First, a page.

We estimated the PF of the PWIDs at 69% (95% UI: 66%, 73%), (Table 2). This indicates that the network of a PWID was significantly smaller than that of the general population. Having analyzed ten male and ten female names separately, the PF was estimated at 88% (95% UI: 83%, 94%) and 50% (47%, 55%), which was of statistical significance (Table 2).
The results of leave one out cross validation showed that the PF for PWID group was 70%. This statistics in the first and second sets of names were 63% and 75% (Table 2).
In addition, having calculated the PF for each name (Figure 2), we witnessed that the PF ranged from 27% to 127% (55% to 127% based on 10 male names, and 27% to 70% based on 10 female names). The results of the mixed model revealed that 67% of variation in the number of alters known by respondents for each name was associated with the names selected.
The PF of FSWs was also 77% (95% UI: 72%, 83%), (Table 2). This indicates that the PF of FSWs was significantly lower than that of the general population. Using 10 male names, the PF was estimated at 79% (95% UI: 73%, 89%). The corresponding figure of 10 female names was 70% (95% UI: 67%, 82%), (Table 2).
The results of leave one out cross validation showed that the PF for FSW group was 74%. Once the values were estimated for each of the two name sets, the PF reached 72% and 77% (Table 2).
Moreover, having calculated the PF for each name (Figure 2), we saw that the PF ranged from 55% to 118% (64% to 118% based on 10 male names, and 55% to 94% based on 10 female names). Furthermore, the results of the mixed model revealed that 69% of variation in the number of alters known by the respondents for each name was associated with the names selected.
In this study, we calculated the visibility and popularity factors of the Iranian FSWs and PWIDs. It should be noted that we aimed to calculate two correction factors needed to adjust the NSU results.
We found that the VF for the PWIDs and FSWs was considerably lower than one. Only approximately half of the alters were aware of the behaviors of PWID's egos. As for the FSWs, such a percentage was even lower (45%). The visibility among the male and female alters of PWISs differed, implying that within their networks, the males were more aware of their behaviors (58% versus 46%). However, such a large and significant difference was not observed between male and female alters in the network of FSWs (42% versus 48%). In both groups, as we may expect, the visibilities among peer alters were considerably higher (PWIDs: 88% versus 40%; FSWs: 76% versus 34%), which means that in both groups, the subjects might reveal their risky behaviors to those alters who were practicing themselves.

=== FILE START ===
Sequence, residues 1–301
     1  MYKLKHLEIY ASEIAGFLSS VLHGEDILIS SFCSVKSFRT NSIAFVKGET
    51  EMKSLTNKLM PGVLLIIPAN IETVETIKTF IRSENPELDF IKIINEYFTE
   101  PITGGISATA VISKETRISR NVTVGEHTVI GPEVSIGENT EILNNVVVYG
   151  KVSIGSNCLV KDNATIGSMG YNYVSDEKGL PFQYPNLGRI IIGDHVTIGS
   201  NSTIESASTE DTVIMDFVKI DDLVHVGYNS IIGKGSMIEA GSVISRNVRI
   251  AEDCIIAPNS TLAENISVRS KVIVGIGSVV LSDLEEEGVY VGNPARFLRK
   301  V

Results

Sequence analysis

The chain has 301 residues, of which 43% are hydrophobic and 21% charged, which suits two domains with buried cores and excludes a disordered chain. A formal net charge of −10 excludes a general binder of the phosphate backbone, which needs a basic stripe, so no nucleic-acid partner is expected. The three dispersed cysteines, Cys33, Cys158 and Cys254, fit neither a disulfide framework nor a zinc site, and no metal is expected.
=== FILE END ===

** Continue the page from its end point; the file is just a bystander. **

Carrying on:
In addition, social network size of these two groups was approximately two third of the general population. In the PWID group, based on male names, the difference between PF and 1 was of marginal significance, indicating that the male portion of the network size of the PWID group was more or less the same as that of the general population. However, the female portion of the network size of PWIDs was about half of the general population. On the other hand, both male and female portions of the network of FSWs were smaller than that of the general population.
Furthermore, our results of the random effects revealed that most of the variations in the subjects' replies were associated with the selected names. On the other hand, leave one out cross validation and name splitting analysis suggested that our estimates were not influenced by a single name.
All in all, this evidence suggests that it is necessary to select both names from both genders, and to select a sufficient number of names to obtain robust statistics. Therefore, at least twenty names are needed when using this methodology
Given the fact that selling of sex or injecting drugs are stigmatized and punishable acts in many communities/countries, including Iran, the visibility of those involved in these acts is expected to be low , , . The invisibility of such behaviors could severely affect the accuracy of the NSU estimation regarding the population size of the key populations of HIV. In addition, because of the differences in these coefficients for male and female alters, we strongly recommend that the size of the key populations is computed in each gender separately in NSU studies so that the results can be adjusted using gender specific correction factors.
In a study on heavy drug users in Brazil, the social visibility was estimated at 77% , which is much higher than the one observed in our study (54%). Such a difference might be due to the different levels of stigma experienced by the members of these two high risk groups, or because they explored “heavy drug users”, which might be more visible to the community than other types of drug users.
In 2009 in Ukraine, 28 PWIDs, 21 FSW, and 108 Men who have Sex with Men (MSM) were interviewed using the same methodology that we applied. The social visibility of PWIDs, FSWs, and MSM was 57%, 34%, and 24%, respectively. The reported visibility factor of PWIDs is comparable to our findings, while the visibility for FSW was lower than ours. It could be partly explained by socio-cultural differences, but due to the small sample size of the Ukraine study, it may not be absolutely ideal for comparison.